There is hope for those who have lost their ability to smell. We know that the sense of smell can return, even after as long as several years. People with postviral anosmia/ hyposmia have been described to have a chance of 30% that their sense of smell will improve over one year. This percentage is lower, in the range of 10% for those who have lost their sense of smell after an accident.

 

IMPORTANT: The medical clarification of a smell loss has to be performed by a medical specialist such an ENT (ear-nose-throat) specialist or a neurologist. Diagnostic tools include a thorough medical history, nasal endoscopy and magnetic resonance imaging (MRI).

 

Links:

http://ucdenver.edu/academics/colleges/medicalschool/centers/tastesmell/Pages/tastesmell.aspx

http://www.vcu.edu/ent/ent_clinic_smell_taste.htm

 

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About the author: Dr. Frasnelli.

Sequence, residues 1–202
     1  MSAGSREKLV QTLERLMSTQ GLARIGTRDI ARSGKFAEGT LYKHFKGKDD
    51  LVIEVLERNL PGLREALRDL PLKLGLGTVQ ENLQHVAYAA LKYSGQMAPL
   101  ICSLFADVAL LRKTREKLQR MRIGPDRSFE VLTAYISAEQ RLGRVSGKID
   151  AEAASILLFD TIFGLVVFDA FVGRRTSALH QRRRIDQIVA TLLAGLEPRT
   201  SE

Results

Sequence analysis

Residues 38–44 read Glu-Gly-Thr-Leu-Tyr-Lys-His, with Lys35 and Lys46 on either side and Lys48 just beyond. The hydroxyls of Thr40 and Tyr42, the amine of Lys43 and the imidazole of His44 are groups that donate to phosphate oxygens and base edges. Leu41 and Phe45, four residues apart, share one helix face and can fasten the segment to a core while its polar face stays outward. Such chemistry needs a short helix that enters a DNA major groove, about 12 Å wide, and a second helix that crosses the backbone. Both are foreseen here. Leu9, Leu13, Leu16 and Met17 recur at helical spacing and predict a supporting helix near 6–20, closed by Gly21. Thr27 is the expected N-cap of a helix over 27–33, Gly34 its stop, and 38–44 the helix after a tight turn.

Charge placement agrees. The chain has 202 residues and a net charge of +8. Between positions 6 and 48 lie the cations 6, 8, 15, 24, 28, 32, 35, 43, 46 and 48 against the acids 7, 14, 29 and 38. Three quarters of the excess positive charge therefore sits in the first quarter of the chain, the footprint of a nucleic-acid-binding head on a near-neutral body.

Dr. Frasnelli specialises in odor perception. He conducts research in the field of neurophysiology of smell and taste as well as therapy in loss of the chemical senses. Frasnelli is a graduate of the Medical Schools of the University of Vienna (Austria; 2001; Dr. med. univ.) and the Technical University of Dresden (Germany; 2009; Priv.-Doz.). Since 2006 he work in Montreal, first as an Academic Trainee at the Montreal Neurological Institute, since 2008 as a Postdoctoral Fellow at the Department of Psychology at the Université de Montréal. He currently hold a fellowship of the CIHR. Dr. Frasnelli research interest is the neurophysiology of smell and taste as well as therapy in loss of the chemical senses.

Contact information: johannes.frasnelii@umontreal.ca

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  • Lauren Weinberg

    Is it possible to “burn” your olfactory nerves? 2 months ago I overdid it with shots of tequila. After my last shot I ran to the bathroom and violently vomited which happened to come through my nose as well as my mouth. (I know…gross). Immediately afterwards I felt a horrific burning sensation in my upper nose and sinuses. My nose was completely stuffed until the next morning when I was able to blow it and it became clear again. Since that day I have lost my sense of smell and taste of course. I have regained about 40% since then. Will this just take more time to heal? I have no insurance so I’ve gone to a clinic but was told I have them “stumped”! Please help!